17.9 miles (187.8 to 205.7)
I’ve read that many hikers find nights in the desert to be the coldest part of the PCT. Hmm. They must be cowboy campers. At 8,500 feet, I’m still not zipping up my sleeping bag. I fantasize about shipping home my down jacket and capilene fleece hoody. But what if it does eventually get cold at night? There are still so many unknowns.
We’re out of camp by 7am. Today we’ll drop 7,000 feet over 18 miles, beginning at 8,566 feet ending at 1,729 feet.
The trail takes us down, as expected, then immediately back up (unexpected), then meanders along, then finally gets serious and starts dropping. Our destination is visible way, way, way down below.
Walking this part of the trail is like wandering through an Escher painting. Often we can’t tell which bend of the trail we just came from or which one we’re hiking toward, or even which end of that switchback over there is the high end. Around and around we go. We cross the mountain seemingly aimlessly. We can see where we’re going to end up, but the trail doesn’t go that way.
I put up my umbrella to cut the heat. We arrive at the 200 mile mark and pause for photos. We pass Easy Rider, a hiker we haven’t seen for many miles. I photograph and rephotograph the view from slightly different yet ever-changing angles.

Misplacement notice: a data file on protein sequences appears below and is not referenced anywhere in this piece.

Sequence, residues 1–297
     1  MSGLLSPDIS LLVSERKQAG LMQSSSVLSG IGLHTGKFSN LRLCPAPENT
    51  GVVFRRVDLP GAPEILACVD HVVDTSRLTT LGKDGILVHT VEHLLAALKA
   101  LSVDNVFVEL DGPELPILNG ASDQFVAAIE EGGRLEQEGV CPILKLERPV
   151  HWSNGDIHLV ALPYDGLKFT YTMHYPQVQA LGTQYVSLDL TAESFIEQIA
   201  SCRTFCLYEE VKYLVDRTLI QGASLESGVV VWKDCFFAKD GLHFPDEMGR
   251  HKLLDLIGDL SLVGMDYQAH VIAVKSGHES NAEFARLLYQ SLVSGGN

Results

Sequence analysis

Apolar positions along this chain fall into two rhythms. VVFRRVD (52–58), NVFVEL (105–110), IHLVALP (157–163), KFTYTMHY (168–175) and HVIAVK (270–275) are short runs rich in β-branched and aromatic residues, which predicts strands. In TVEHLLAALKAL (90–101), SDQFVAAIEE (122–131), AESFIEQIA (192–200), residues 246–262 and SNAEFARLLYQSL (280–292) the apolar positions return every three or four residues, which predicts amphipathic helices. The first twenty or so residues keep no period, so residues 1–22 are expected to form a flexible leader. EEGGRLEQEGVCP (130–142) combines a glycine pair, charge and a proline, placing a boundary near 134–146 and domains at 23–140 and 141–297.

My downhill muscles take a beating. I feel like I’m getting a blister on one of my toes, so I find a smidge of shade and sit and take off my shoe. I mess around for a few minutes, and when I’m finished I check the little thermometer dangling from my backpack. It reads 103 degrees in the shade. No wonder my feet think my shoes are melting.
The trail goes on and on but we don’t get anywhere. This is most frustrating piece of trail I’ve ever walked. After hours of wandering over the mountainside we catch sight of hikers gathered below. At last! We’ve reached the faucet and the end of our descent.
At the bottom of the descent sits a humble water faucet provided by the local water company. It’s a welcome landmark. By now Dad is out of water. I have about 1/4 liter. We each get some water and quickly drink it down.
We decide to spend the night here, wake early, and start hiking before dawn in order to make it across the valley before things heat up again. Of course, that’s assuming things cool down. At 8:30pm the ground is so hot beneath my tent that I worry about the integrity of my thyroid medication. I don’t bother to remove my sleeping bag from its stuff sack. It’s as if the desert heard me musing this morning about the derth of cold nights, and decided to show me what heat really means.
*More photos on Instagram.